It seems strange that dinosaurs, which are the subject of fascination for boys all over the globe and would make excellent material for video games, have not yet cemented their place in the gaming canon. In spite of the fact that a few lackluster games have attempted to catapult prehistoric monsters into the limelight, SEGA is keeping its fingers crossed that their adorable Dinosaur King game will be the exception that proves the rule. On SEGA Gamers’ Day, we kept our hands busy by digging with touch-enabled dinosaurs and engaging in straightforward head-to-head combat.
In Dinosaur King, two boys named Max and Rex, both of whom are preteens, go on a mission to prevent a villain named Dr. Z from resurrecting a variety of dangerous dinosaurs from the brink of extinction. In order to carry out the doctor’s plan to seize control of the globe, the dangerous leviathans are going to have to overrun the earth. Obviously, the only thing that can rescue humanity from an eternal dictatorship is a couple of pre-pubescent children.
Dinosaur King is quite similar to Nintendo’s Pokémon series in many respects, including the fact that it includes elements of role-playing, exploration, and battle. You won’t be using any made-up monsters or superpowers, but rather, you’ll be playing with extinct animals and making assumptions about their natural abilities. Other than that, the gameplay will remain mostly same. Dinosaurs fight one another in straightforward combat on behalf of their owners, collecting significant experience that may be used to increase their dinosaurs’ characteristics in the process.
You are allowed to bring three dinosaurs into battle with you, dinosaur game and your objective is to vanquish your adversary’s slate before losing your third and last dinosaur to the sands of time. In-battle decisions are made using a rock-paper-scissors format.
For example, while commanding a combat between a dilophosaurus and a tyrannosaurus, choosing “rock” over our opponent’s “scissor” proved to be the more strategic choice. After a string of victorious rounds, the dilophosaurus was on the verge of defeat; but, it would not give up without making one more attempt to do damage to our leading predator. According to a divergence from conventional paleontological thought, the dilophosaur hissed and spat poison. Yet, after one round of rock-paper-scissors, it was eliminated from contention and counted out.
During battle, the top screen is flooded with convincing depictions of the dinosaurs, which are quite different from the colorful, cel-shaded versions of the dinosaurs that appear on the touch screen. While it’s intriguing to see the dinosaurs portrayed accurately, the fact that the remainder of the game has a kid-friendly look makes the realistic dinosaurs seem out of place.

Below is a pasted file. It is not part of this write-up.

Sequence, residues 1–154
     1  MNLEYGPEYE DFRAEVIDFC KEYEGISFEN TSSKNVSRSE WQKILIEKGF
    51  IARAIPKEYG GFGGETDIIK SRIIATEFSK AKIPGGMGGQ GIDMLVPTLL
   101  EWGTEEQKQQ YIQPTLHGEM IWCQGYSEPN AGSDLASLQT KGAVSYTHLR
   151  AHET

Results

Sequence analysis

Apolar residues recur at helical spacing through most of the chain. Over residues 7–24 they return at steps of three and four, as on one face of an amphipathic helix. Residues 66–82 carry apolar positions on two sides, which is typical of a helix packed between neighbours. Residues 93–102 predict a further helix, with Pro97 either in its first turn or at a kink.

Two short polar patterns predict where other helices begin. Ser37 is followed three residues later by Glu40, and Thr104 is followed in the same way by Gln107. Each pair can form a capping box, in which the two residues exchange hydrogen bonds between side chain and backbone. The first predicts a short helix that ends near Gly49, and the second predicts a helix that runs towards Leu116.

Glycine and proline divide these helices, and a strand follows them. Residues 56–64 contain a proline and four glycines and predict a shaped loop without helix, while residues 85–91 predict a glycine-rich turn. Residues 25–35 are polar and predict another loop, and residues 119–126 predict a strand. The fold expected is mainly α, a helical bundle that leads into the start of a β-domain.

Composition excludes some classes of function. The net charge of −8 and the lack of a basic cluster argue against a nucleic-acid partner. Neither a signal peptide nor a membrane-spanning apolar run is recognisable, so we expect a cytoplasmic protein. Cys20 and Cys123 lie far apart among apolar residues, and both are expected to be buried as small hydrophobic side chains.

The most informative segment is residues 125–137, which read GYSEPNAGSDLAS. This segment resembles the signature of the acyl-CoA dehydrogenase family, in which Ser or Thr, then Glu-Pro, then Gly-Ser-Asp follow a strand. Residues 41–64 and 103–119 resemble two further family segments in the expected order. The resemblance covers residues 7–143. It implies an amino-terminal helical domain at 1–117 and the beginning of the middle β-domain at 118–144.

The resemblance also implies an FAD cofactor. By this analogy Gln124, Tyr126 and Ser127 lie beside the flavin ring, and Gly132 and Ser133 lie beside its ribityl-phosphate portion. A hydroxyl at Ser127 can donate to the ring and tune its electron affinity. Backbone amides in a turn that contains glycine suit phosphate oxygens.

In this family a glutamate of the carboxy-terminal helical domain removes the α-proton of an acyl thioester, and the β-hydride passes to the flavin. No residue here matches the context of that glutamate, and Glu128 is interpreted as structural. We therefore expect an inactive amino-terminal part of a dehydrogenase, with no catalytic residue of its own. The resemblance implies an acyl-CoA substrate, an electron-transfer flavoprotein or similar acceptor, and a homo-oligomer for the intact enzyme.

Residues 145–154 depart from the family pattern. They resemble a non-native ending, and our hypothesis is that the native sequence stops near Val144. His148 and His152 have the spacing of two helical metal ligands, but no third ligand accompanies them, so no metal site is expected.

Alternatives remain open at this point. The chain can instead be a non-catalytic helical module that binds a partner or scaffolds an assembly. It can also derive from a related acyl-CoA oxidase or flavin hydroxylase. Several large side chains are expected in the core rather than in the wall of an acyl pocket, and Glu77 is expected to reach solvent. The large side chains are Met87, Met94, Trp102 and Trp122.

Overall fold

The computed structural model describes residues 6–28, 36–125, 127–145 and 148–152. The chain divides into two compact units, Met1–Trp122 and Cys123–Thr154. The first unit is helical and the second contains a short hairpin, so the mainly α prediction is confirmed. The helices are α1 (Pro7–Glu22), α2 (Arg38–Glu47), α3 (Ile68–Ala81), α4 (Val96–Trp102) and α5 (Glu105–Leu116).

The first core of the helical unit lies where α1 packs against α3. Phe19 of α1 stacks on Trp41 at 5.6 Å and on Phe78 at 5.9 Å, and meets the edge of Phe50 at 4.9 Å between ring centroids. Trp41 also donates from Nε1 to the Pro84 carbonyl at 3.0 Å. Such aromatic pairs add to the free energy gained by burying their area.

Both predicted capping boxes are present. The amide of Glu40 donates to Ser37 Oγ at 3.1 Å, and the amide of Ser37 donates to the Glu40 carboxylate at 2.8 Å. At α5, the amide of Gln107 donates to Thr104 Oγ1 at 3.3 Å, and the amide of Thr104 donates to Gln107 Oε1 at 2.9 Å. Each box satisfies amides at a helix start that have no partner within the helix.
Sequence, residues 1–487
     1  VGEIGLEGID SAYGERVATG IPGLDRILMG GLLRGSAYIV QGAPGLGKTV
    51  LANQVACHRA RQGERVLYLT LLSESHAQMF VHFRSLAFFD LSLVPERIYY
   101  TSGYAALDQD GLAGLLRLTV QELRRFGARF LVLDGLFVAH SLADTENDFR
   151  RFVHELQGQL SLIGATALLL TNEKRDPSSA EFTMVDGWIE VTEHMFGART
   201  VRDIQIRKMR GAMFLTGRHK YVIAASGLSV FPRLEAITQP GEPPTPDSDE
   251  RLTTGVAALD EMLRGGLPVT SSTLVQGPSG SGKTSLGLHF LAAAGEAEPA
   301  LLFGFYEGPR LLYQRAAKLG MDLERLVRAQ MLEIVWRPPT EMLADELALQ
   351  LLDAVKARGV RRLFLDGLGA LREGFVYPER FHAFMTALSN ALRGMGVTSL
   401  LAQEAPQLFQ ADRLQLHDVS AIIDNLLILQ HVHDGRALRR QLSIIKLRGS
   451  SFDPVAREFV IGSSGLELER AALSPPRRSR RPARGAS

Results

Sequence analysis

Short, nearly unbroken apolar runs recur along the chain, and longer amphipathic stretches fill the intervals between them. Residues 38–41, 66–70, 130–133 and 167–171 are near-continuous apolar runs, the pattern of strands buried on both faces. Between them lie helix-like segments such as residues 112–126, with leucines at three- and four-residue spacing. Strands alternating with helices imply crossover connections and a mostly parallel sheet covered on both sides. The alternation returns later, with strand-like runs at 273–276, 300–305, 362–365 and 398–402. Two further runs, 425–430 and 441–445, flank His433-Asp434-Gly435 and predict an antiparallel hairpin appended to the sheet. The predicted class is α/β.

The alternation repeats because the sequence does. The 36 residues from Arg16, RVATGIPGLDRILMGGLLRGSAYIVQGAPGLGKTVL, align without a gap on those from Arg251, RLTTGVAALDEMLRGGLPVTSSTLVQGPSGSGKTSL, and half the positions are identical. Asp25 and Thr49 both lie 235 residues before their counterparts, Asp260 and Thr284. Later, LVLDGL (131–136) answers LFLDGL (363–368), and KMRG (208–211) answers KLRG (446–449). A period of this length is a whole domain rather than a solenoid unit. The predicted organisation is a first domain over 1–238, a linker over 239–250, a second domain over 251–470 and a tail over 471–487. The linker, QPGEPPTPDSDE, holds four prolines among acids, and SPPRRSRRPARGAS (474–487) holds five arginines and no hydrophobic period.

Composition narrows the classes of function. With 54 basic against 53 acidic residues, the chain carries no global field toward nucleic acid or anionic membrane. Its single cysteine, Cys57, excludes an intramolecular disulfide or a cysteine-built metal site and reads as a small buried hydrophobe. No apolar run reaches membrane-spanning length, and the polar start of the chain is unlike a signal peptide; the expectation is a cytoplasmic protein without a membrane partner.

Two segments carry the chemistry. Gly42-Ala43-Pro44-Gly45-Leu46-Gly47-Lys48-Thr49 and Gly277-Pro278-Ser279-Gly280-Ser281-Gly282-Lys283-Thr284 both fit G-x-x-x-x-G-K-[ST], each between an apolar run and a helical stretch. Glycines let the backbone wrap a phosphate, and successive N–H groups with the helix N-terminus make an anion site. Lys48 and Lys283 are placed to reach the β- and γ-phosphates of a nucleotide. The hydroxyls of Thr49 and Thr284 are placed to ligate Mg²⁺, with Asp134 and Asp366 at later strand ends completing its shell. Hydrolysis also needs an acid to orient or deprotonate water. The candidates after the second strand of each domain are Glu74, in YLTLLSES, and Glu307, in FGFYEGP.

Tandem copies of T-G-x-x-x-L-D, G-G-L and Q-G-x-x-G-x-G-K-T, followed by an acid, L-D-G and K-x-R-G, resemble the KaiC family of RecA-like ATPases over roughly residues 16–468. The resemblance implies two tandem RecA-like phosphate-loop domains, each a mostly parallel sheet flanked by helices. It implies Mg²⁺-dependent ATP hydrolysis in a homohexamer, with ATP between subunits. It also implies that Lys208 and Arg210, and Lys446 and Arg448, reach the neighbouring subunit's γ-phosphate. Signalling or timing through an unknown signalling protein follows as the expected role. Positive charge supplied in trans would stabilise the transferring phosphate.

Discovering fossils allows you to go through a single-player campaign, during which you search for dinosaurs to add to your Triassic combat army. According to palaeontological discoveries, there will be around seventy distinct species represented. As you find new specimens, you may look them up in the encyclopedia to learn more about the location where they were found, the creature’s estimated height and mass, and other pertinent information.
To unearth fossils, one must engage in some good old-fashioned digging. The shape of a fossil may be revealed by chipping away at the rock with the stylus, which acts as a pick. When you have removed the majority of the rock, you will next use the microphone to clean the area of any remaining dust and dirt. If you’ve ever gone to a science shop and picked up one of those creative cement fossil kits, then you’ll immediately see the similarities between this situation and the one you’ve experienced. SEGA decided to create a touch-enabled game based on the idea since the kits are now quite popular in Japan. This is one of the primary reasons why SEGA decided to create the game.
The Nintendo Wi-Fi Connection enables players to engage in head-to-head wireless combat in their immediate area as well as trade items with one another. Even while the collection of related features isn’t very fascinating, local skirmishes with a friend should still be amusing at the very least. Due to the fact that Dinosaur King was released in September, it may serve as a welcome diversion for children who are getting ready to go back to school. The game’s fully-fledged single-player plot is clearly the game’s primary selling point.